We are three episodes into Showtime’s miniseries ‘The Loudest Voice.’ The miniseries, based on the Gabriel Sherman written biographical work ‘‘The Loudest Voice in the Room: How the Brilliant, Bombastic Roger Ailes Built Fox News – and Divided a Country’,’ revolves around Roger Ailes’ (Russell Crowe) career at the head of Fox News. While the first two episodes of the miniseries were set in 1995 and 2001, respectively, the third instalment takes us to 2008. What do you think thus far?
SPOILER ALTER: If you have yet to watch the third episode of ‘The Loudest Voice,’ stop reading now. There are spoilers ahead.
The opening scene sees Zac Ailes (Brady Jenness) walk into his father’s study carrying a toy sailboat. Ailes is watching on television Barack Obama deliver a speech in Minnesota. The scene transitions to Ailes taking his son out to the flagpole. He tells Zac that every morning he wants him to raise the flag and lower it every evening. He must respect the flag and never allow it to touch the ground.
Obama defeated the now late John McCain to become the 44th President of these United States. Consequently, Ailes and Fox News found a target that they could go after with every fibre of their being. As a result, Ailes disdain for the president not only drove coverage, it also cemented Fox News as the news network for conservatively minded people.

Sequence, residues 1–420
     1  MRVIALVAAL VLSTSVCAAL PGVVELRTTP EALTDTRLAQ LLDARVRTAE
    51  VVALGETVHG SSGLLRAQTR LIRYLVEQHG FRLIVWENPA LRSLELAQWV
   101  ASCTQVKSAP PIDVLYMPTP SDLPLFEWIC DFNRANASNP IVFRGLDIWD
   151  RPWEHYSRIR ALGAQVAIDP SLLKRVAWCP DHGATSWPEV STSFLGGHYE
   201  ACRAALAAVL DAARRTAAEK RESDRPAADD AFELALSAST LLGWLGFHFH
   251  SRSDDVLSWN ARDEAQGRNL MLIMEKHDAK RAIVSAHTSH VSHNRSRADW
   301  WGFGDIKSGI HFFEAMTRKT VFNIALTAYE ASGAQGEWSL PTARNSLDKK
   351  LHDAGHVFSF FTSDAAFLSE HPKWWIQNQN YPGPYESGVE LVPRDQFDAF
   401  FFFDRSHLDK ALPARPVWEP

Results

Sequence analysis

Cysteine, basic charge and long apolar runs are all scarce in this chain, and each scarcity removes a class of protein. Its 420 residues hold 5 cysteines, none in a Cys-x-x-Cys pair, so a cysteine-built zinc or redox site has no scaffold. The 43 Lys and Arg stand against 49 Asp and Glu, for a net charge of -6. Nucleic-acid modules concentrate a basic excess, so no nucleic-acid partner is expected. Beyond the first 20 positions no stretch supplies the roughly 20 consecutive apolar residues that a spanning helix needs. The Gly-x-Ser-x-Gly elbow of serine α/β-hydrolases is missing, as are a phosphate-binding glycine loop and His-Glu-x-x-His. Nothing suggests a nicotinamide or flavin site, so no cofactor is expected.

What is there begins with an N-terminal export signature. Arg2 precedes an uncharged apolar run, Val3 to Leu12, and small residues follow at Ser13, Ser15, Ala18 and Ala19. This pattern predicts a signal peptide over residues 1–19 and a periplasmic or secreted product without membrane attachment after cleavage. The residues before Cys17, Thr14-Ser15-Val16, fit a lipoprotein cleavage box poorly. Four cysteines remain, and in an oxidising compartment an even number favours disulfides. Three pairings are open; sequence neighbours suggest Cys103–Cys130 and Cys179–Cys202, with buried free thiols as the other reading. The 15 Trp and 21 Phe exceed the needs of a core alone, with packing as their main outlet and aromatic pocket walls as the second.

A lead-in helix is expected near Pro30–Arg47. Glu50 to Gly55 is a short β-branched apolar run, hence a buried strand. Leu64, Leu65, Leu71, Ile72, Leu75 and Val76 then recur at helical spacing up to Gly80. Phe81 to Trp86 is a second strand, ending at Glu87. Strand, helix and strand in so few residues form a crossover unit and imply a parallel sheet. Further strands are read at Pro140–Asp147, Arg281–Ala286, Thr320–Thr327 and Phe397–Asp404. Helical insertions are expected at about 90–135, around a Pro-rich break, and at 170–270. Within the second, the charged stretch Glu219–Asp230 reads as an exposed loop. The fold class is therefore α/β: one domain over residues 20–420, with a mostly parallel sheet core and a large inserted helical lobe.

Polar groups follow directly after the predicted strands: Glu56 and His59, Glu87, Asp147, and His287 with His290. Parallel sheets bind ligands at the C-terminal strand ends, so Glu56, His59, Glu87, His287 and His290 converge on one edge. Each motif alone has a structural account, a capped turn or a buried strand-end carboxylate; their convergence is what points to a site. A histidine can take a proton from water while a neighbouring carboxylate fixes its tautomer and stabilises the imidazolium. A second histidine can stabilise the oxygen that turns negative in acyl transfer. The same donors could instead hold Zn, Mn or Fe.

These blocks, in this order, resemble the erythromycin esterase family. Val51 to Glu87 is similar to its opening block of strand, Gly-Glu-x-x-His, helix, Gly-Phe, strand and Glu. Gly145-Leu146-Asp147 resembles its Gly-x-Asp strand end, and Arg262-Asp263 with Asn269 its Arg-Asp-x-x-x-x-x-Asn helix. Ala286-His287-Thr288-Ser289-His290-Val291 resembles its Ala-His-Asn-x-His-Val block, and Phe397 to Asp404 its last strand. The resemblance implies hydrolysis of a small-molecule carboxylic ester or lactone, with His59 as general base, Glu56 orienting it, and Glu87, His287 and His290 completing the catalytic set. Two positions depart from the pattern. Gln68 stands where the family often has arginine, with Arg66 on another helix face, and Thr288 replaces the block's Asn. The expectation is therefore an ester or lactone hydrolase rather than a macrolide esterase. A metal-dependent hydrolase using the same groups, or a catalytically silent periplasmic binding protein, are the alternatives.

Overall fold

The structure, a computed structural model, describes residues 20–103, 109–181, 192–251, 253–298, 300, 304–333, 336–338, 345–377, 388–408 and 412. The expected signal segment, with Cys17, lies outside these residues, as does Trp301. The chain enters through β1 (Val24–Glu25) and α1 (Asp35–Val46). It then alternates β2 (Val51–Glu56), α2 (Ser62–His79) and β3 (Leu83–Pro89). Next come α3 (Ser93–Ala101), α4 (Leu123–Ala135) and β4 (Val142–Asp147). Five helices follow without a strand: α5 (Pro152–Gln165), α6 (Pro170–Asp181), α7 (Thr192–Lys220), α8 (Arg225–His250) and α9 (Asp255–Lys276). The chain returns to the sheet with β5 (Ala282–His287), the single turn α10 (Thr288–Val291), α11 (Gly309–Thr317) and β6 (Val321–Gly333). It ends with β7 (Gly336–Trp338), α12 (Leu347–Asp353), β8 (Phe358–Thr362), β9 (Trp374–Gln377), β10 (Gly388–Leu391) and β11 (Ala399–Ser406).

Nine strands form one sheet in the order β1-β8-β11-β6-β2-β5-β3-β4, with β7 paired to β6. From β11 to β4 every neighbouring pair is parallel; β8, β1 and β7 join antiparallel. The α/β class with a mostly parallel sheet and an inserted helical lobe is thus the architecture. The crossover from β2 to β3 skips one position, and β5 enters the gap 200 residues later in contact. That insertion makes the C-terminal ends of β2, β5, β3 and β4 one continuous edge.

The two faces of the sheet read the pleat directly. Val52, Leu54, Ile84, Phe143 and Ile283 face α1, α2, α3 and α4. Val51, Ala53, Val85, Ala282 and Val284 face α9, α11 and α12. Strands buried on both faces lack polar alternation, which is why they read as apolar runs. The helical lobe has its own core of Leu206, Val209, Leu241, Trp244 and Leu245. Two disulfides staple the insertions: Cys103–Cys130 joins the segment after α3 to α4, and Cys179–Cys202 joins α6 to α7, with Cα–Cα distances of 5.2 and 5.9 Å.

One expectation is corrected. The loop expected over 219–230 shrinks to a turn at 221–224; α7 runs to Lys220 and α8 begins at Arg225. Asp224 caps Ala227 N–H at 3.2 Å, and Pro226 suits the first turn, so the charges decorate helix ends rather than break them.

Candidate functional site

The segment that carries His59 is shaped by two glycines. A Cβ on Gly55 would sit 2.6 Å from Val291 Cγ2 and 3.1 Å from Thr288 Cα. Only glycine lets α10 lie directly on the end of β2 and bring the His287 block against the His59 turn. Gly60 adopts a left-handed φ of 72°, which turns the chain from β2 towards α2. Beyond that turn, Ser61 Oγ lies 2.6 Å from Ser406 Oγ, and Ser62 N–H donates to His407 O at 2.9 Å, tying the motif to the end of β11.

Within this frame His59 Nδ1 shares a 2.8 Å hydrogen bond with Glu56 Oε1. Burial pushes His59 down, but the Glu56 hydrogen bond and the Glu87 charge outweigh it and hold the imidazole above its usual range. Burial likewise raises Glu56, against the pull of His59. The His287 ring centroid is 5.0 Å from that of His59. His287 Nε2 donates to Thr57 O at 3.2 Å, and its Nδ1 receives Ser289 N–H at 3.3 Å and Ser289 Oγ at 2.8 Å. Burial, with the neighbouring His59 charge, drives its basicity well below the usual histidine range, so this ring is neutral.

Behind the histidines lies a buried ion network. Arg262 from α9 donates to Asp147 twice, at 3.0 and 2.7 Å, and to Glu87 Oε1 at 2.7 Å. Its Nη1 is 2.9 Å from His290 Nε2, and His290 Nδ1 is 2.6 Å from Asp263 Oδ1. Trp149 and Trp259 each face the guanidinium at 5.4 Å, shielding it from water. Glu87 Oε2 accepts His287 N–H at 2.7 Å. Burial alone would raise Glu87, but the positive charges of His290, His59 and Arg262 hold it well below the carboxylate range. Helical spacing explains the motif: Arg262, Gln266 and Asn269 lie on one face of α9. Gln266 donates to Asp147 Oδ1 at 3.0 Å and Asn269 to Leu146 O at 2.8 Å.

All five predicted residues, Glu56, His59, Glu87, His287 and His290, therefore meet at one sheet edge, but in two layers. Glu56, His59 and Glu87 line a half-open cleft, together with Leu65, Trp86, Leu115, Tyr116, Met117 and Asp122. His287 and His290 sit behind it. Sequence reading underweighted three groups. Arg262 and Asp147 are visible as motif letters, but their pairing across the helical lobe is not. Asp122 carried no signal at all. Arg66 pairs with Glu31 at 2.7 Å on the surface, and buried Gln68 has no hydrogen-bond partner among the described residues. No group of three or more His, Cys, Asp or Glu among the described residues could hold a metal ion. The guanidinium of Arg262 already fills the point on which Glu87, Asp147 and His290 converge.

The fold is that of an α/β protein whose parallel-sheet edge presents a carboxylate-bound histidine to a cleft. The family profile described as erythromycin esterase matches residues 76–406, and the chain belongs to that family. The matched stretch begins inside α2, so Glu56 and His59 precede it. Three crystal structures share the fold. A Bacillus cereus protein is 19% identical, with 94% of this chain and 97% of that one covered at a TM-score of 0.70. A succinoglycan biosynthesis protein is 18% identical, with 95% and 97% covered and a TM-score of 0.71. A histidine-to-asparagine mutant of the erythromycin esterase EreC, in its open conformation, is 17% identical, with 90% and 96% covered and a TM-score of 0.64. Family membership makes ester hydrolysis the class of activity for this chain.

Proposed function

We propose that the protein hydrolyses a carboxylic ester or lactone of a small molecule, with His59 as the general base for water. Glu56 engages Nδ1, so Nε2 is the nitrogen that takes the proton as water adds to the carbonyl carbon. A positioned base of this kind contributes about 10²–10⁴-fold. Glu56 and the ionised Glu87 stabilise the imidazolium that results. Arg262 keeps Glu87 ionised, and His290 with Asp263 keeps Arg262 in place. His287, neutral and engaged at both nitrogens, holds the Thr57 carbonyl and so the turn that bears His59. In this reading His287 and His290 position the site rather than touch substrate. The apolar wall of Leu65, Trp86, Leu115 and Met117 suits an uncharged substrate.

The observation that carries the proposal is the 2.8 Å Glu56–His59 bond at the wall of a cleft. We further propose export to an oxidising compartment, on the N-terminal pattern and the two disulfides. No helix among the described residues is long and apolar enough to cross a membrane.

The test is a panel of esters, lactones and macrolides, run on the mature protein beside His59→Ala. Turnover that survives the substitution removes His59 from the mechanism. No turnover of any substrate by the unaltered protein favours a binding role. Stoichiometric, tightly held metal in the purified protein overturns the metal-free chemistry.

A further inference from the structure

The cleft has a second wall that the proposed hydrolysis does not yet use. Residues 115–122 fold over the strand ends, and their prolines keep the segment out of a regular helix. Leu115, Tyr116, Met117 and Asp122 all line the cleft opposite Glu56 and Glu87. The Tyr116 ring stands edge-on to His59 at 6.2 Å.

Even though Fox News had already established dominance over other news networks prior to Obama becoming president, the 2008 presidential election changed everything for Fox News. Ailes wanted the network to focus more specifically on their target demographic.
Ailes saw Obama as the ultimate enemy. Consequently, Fox News president saw it his duty to launch a full-scale assault of the American president. Interestingly, Rupert Murdoch (Simon McBurney) was not on board with the way Ailes used Fox News as a weapon to go after the Obama Administration.
A major issue with the Showtime miniseries is the narrative. Everyone already knows how anti-Obama Fox News was and remains. On one hand, where ‘The Loudest Voice’ is an opportunity for nostalgia, on the other hand, it shows the true face of Fox News as the media arm of the Republican Party.
What is the likelihood of Fox News viewers watching ‘The Loudest Voice’? Because the miniseries shows that man for what he truly was, considering facts is not something the Fox News Network audience is familiar with, there is little chance the production will interest such people.